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Natural flood management: small-scale progress and larger-scale challenges

Lookup NU author(s): Dr Mark Wilkinson, Dr Paul Quinn



This is the authors' accepted manuscript of an article that has been published in its final definitive form by Routledge, 2019.

For re-use rights please refer to the publisher's terms and conditions.


© 2019, © 2019 Royal Scottish Geographical Society. Management of fluvial flood risk in the UK is undergoing a paradigm shift, with a change in emphasis from solely working with structural defences to considering catchment-based measures which attenuate flood runoff. Natural Flood Management (NFM) is promoted as a method that can reduce flood risk through the alteration, restoration or use of landscape features. Here we highlight the potential to manage runoff locally in the rural landscape using NFM by targeting flow pathways and utilising floodplains and riparian zones. Using two case study examples from the UK, we show that by accumulating dispersed small-scale storage in small catchment areas (<10 km 2 ) can assist in attenuating flood runoff. However, there is currently a lack of evidence of measure effectiveness at larger catchment scales and for managing extreme flood events. Nevertheless, there is a strong evidence base to suggest many of these measures deliver a range of different ecosystem services if installed in the correct location in the landscape.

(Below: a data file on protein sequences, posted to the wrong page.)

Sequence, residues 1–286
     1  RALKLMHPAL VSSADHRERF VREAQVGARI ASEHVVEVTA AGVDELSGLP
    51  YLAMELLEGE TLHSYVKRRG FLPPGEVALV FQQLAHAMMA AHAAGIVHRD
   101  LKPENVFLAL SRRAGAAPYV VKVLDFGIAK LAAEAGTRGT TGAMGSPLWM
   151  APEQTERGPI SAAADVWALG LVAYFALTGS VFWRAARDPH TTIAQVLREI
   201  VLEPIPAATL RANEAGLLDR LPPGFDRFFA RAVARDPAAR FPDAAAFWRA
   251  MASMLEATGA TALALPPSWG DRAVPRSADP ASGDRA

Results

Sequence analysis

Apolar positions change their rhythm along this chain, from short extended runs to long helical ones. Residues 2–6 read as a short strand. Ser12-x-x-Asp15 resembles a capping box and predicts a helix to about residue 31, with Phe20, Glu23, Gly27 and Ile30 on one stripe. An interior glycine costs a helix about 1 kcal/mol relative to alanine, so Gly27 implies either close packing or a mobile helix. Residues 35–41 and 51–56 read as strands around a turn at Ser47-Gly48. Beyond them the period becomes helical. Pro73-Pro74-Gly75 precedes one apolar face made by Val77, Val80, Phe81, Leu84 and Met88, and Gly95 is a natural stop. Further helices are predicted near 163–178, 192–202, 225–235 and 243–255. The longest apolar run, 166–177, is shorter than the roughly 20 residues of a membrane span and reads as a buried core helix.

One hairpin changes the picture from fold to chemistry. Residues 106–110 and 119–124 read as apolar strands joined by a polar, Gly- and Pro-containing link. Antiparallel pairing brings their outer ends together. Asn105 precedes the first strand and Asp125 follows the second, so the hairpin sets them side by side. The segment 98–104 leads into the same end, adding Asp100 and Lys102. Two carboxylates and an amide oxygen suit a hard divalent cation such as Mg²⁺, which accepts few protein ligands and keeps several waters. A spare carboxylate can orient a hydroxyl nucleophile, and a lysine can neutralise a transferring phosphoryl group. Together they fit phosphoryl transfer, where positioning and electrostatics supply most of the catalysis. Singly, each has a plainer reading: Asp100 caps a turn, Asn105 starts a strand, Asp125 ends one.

Publication metadata

Author(s): Wilkinson ME, Addy S, Quinn PF, Stutter M

Publication type: Article

Publication status: Published

Journal: Scottish Geographical Journal

Year: 2019

Volume: 135

Issue: 1-2

Pages: 23-32

Online publication date: 09/05/2019

Acceptance date: 18/04/2019

Date deposited: 05/07/2019

ISSN (print): 1470-2541

ISSN (electronic): 1751-665X

Publisher: Routledge


DOI: 10.1080/14702541.2019.1610571


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